Andrzej Suprynowicz „Ruch Muzyczny”
“Among the themed presentations at this year’s Festival I also recall one evening with particular intensity. It was Andrzej Bauer’s premiere recital (23 September) in a packed Laboratorium Hall at the Centre for Contemporary Art. This outstanding cellist had commissioned new compositions from Stanisław Krupowicz, Michal Talma-Sutt, Paweł Mykietyn and Jacek Grudzień, also adding to the programme Karen Tanaka’s wonderfully lyrical Song of Songs. (…) Thanks to a work we heard later, I include Bauer’s concert among the most important artistic events of the year. Michal Talma-Sutt had already caught my attention during last year’s Warsaw Autumn festival when his electro-acoustic composition Light and Shade had shown him to be an artist with an inventive sound language and excellent formal technique.
Written for Andrzej Bauer, Cellotronicum is a half-hour pageant of ideas designed for an instrument interacting with a computer. The soloist elicits from the cello all kinds of sound this instrument is capable of producing, and the computer processes them, adding successive layers to the musical structure. Seemingly nothing new – yet the composer succeeds in creating something rare: a fusion of both parts, a union so strong that the listener has the impression of hearing one instrument. Thus, this is not ‘cello with accompaniment’ but indeed ‘cellotronicum’.
Moreover, the electro-acoustic sound layers used by Talma-Sutt are unparalleled; some are thrilling, some sparkle with unusual colours, some seem to have tangible textures – rough then again smooth; others are warm or calculatingly cold, razor-sharp and overpowering. All this in a lengthy work which on second hearing (since a string broke halfway through, it was necessary to start again) was not boring; on the contrary – it was engaging and entrancing.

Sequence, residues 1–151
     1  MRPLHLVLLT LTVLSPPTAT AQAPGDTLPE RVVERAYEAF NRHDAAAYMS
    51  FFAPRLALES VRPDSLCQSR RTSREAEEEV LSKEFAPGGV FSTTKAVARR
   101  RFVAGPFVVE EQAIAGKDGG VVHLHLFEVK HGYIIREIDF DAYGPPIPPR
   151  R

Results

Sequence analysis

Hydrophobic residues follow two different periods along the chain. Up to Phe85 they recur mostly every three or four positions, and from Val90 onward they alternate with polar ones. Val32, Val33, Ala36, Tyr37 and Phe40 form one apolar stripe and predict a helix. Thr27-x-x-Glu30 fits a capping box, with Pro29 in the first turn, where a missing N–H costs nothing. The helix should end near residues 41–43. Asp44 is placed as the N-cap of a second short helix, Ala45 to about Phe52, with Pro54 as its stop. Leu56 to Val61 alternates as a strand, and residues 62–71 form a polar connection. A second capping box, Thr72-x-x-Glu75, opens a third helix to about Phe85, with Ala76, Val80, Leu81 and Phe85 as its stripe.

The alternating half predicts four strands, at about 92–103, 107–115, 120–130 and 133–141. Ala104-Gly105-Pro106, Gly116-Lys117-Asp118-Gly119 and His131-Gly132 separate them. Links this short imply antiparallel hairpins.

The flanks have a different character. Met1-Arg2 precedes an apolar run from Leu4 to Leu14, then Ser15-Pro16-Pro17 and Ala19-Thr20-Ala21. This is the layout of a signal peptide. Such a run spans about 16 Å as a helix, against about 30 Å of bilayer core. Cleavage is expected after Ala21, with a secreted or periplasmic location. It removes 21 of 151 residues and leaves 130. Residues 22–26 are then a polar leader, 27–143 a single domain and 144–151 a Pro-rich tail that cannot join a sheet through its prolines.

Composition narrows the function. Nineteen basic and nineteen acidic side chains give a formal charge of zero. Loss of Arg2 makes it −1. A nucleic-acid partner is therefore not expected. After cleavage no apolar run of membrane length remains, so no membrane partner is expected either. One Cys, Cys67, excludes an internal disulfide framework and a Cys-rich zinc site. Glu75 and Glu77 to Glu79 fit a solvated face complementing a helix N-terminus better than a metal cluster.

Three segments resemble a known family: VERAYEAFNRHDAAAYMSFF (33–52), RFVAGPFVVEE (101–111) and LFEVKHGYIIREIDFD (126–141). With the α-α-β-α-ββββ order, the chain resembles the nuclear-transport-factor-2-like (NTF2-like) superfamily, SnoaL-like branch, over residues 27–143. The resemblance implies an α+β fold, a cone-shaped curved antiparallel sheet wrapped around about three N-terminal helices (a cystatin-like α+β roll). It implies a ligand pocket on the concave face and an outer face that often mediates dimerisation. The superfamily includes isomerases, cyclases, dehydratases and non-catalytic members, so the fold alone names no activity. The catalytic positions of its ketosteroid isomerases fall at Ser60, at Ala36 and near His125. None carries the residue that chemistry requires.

After the interval, Andrzej Bauer calmed us down with a composition by Karen Tanaka, followed by two aesthetically different works, the first of which was A Page from an Album by Paweł Mykietyn. I am very fond of this composer’s music and appreciate his treatment of the present with musical symbols, his conceptual associations constructed from sometimes trivial material and his constant search for values in a world of plastic equipment, clothes, feelings and outlooks. Mykietyn does not dismiss the world of today; after all, he lives in it – whether he likes it or not. However, he shows its terrifying indifference, and then, painstakingly moulding a lyrical melody from fragmented elements, he raises the emotional temperature to a level close to late-Romantic rhetoric. Mykietyn – a Romantic, you might ask? I think so – in spite of everything. In spite of a world that gives us colourful building blocks which cannot be assembled into any coherent whole. This music reminds me of the painful central emptiness evoked by theatrical means in a production of Sarah Kane’s Psychosis 4.48 at Warsaw’s Rozmaitości Theatre. In A Page from an Album I was slightly disturbed only by the closing gesture of a child’s top toy set into motion by the soloist – was it a piece of added kitsch or a metaphor explained with the aid of a simpler one? Or perhaps an attempt to keep a healthy distance from one’s own work, with a wink and a nudge?
An impressive finale to Andrzej Bauer’s recital was provided by Jacek Grudzień’s Ad Naan, a musical work of ‘rock’ expression, striking, conveying a message and showing a fragment of contemporary culture in, I would say, a journalistic manner. Andrzej Bauer used the commissioned works to put together a programme that was coherent, profound, engaging as well as virtuosic, suitable for performance in concert halls throughout the world. And although – as I am told by people who unlike myself attended all the ‘solo + computer’ concerts – other recitals failed to elicit equally positive reactions, for that evening alone the undertaking was worth the effort.”
Andrzej Suprynowicz „Ruch Muzyczny” no 24, 24.11.2002